While private securitization markets in Europe have virtually shriveled up, banks and other issuers can still turn to a rich uncle: central banks will accept their RMBS paper as collateral for repo financing.
Although the European Central Bank (ECB) and the Bank of England (BoE) repo structures have been open for years, "the credit crisis has made everyone aware of how it works and what collateral is eligible," said Christopher Greener, senior analyst at Societe Generale. Since last August, the facilities have become a very popular outlet.
The exact usage numbers are not clear, since the ECB remains "rather coy" about publicizing them, Greener said. However, as of the end of September 2007, ABS pledged with the Eurosystem had reached 215 billion ($333.10 billion), which then represented 17% of all outstanding collateral. At that time, the ECB announced it had identified a total amount of 700 billion in ABS transactions as eligible for the program.
The construct is functioning as a sensible stopgap measure and safety valve, at least until the mortgage market readjusts to the changing demands. ECB spreads are lower than those in the financial markets, so banks can use them to obtain cheap funding and create liquidity.
"The central bank discount rates reflect quality as measured by the rating assigned to the asset. Skittish investors, who have lost faith in the rating agencies, would insist on deeper discounts," said James Croke, an attorney with Orrick, Herrington & Sutcliffe.
The BoE is also ready to pump up liquidity for its members. It recently announced that it will increase the time periods available, by initially offering one-year repo financing, which it may agree to extend out a further two years.
Its terms are much more punitive, though. It too will swap ABS for gilts, which can then serve as quasi cash, but at a considerable haircut. Compare the ECB's 2% discount with the BOE's 13% slice. Moreover, if there is no readily observable market for the securities - and there rarely is these days - the Bank tacks on another 5%. If the collateral emanates from the issuer, it adds another 5%, and chalks up a further 3% if it is not in sterling.
"Those haircuts can easily mount up to 25%," Greener said. "But even getting 75% is acceptable, if you need to use the bonds on your books to raise cash."
The ECB also imposes restrictions on its repo lending. Only the most senior RMBS notes qualify as eligible collateral, and the borrowers must be ECB members. Although the terms are intended to be favorable, to help generate liquidity, they are still more onerous than those the private market used to offer.
"In the past, you would have been able to sell right down the capital structure, and receive a higher rate, because you would have sold the notes at par," said Phil Adams, research analyst at Royal Bank of Scotland.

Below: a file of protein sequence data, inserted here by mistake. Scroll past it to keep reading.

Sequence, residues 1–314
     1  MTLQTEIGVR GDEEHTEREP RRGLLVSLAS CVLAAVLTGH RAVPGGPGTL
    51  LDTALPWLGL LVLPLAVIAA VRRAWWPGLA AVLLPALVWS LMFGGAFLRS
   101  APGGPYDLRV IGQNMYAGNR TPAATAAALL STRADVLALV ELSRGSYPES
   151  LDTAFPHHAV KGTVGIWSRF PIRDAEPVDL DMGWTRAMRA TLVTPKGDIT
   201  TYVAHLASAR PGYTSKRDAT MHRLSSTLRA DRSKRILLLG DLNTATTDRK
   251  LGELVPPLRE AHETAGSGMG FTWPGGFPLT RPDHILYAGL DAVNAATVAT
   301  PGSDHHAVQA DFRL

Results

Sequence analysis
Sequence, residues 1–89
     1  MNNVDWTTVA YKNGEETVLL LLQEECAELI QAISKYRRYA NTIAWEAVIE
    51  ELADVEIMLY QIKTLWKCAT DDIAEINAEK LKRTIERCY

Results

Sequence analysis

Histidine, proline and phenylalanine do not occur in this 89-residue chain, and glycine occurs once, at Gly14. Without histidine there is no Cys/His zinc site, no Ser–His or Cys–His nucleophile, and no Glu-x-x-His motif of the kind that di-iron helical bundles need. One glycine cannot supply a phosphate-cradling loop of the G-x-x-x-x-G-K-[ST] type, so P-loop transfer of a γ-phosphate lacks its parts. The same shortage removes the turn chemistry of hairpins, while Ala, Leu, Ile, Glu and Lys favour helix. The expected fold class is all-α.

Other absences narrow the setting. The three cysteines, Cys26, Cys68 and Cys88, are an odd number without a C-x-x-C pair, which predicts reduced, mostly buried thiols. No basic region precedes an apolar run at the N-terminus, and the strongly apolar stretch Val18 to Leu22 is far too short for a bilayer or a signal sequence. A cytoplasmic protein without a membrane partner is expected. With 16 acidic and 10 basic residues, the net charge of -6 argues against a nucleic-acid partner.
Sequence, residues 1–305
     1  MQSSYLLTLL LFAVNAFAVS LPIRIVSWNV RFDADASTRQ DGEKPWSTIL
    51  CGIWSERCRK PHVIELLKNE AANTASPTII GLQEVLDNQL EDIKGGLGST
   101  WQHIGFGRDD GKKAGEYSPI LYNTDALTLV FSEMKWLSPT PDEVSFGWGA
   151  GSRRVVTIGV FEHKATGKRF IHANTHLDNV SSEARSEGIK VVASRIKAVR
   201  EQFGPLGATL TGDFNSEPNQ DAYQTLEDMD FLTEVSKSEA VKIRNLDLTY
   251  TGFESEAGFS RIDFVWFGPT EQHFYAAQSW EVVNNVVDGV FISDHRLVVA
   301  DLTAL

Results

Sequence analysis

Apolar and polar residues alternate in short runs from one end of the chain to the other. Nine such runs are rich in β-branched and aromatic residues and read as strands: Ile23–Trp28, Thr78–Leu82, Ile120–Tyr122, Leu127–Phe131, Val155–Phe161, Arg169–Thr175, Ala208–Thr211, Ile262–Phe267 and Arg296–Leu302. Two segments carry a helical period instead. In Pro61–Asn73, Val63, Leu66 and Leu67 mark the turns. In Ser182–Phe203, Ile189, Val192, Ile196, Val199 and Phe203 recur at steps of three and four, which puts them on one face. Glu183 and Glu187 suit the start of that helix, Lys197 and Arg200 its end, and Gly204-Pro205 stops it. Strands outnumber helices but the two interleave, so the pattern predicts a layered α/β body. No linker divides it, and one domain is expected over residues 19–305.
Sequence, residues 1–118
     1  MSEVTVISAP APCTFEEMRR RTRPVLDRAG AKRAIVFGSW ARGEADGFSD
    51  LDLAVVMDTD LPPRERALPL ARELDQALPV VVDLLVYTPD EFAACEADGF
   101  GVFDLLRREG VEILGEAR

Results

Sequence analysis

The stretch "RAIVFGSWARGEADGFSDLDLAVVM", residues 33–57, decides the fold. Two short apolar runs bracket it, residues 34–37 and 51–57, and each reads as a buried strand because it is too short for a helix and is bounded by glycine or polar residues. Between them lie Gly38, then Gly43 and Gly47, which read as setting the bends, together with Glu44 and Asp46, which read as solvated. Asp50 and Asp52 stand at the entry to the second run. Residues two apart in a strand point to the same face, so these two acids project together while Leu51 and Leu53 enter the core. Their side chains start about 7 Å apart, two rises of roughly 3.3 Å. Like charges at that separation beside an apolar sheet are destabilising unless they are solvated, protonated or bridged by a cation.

Beggars cannot be choosers. "The liquidity crisis in Europe is even more severe than in the U.S., and provides no realistic rates for financing," Croke said. To make matters worse, the expense of borrowing has been artificially increased, due to exceptionally high Libor rates. So the ECB has become the only viable game in town. "Everything on the market is now used as ECB collateral, and on a large scale," said Michaela Ulrici, an attorney with NautuDutilh in Amsterdam.
Some banks in the Netherlands continue to package recent deals, such as Rabobank, ING and ABN AMRO. Rabobank, for example, has indicated that it does not need the funds immediately, but at least will have the 30 billion from its deal on hand to use as collateral.
Since before the credit crunch, Spanish banks in particular have been using the ECB repo scheme for their own originated mortgages. The country's property boom has generated substantial RMBS transactions. "Again, we have no precise information as to who is participating, but there is a sense in the market that the Spanish have been using that originated paper for the past nine months," Greener said. Of course, the U.K. is the country in Europe most active in securitization, but it does not enjoy the ECB access.
With such generous terms, why is the ECB financing not even more popular? One could argue that the system may not endure, and may not remain reliable for long-term, synchronized funding. If a bank is originating 25-year mortgages, and its funding plans only last a few months, the liabilities would not be well matched. But issuers today are still basing their transactions on repo funding as an "actual plan, rather than just getting to the finishing line and finding they can't sell them," Croke added. "They realize they can't yet sell them in the capital markets, but know in the back of their minds they may be able to place the deals with permanent financing when markets come back." Many, who have active operations in place for constantly originating assets do not want to shutter their programs, as long as they can keep them going.
Ulrici remains optimistic that "everyone will jump back into the market, as soon as spreads become more acceptable." She regards the current repo funding as a kind of "repackaging," for altering the assets that are taking up room on the balance sheet into a more useful liquidity tool. She predicted that the European market for public deals will revive. "Arrears here are still below 1%, and there is no real subprime problem," Ulrici said.
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